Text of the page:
Anthrax is caused by Bacillus anthracis and infections in cattle often result in sporadic outbreaks characterised by acute septicemia with a high fatality rate, often accompanied by hemorrhagic lymphadenitis. This disease is still endemic in many regions in developing countries.
In dogs, humans, horses, and pigs, it is usually less acute. Humans become infected by butchering sick animals, handling raw meat or contact with infected animals.
Postmortem findings are consistent with generalized vasculitis, with engorgement of spleen and liver. Rigor mortis is frequently absent or incomplete.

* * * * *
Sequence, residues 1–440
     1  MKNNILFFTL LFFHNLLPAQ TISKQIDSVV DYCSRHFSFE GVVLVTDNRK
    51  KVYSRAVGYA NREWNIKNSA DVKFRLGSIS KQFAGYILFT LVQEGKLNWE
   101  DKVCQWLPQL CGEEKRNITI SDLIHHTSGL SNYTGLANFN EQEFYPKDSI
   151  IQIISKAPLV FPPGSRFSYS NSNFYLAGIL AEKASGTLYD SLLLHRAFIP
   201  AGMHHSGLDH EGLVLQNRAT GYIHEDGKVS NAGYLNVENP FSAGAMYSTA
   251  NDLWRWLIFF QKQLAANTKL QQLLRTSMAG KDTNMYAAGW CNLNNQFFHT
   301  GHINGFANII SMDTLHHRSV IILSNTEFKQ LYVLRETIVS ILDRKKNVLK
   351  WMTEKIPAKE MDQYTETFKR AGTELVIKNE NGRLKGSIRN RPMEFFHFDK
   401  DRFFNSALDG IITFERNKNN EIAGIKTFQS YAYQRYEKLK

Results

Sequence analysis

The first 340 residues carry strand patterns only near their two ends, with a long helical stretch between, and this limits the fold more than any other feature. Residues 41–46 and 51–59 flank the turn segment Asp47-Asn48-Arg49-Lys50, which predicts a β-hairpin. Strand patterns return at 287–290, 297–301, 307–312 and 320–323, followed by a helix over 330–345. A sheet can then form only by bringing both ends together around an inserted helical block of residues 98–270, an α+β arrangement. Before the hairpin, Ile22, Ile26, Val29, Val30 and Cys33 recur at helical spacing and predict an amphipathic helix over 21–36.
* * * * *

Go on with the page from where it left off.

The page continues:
Diagnosis can be suggested by clinical findings but accurate laboratory assessment is required by bacterial culture, immunoflourescence and PCR assays.
Government-regulated vaccination schedules are usually implemented with modified live vaccines. Vaccination has been highly effective in preventing anthrax on farms, specifically if given prior to the season in which outbreaks generally occur.
Rapid detection and reporting, quarantine and burning or burial of suspect and confirmed cases is usually mandatory.
- Merck Vet Manual
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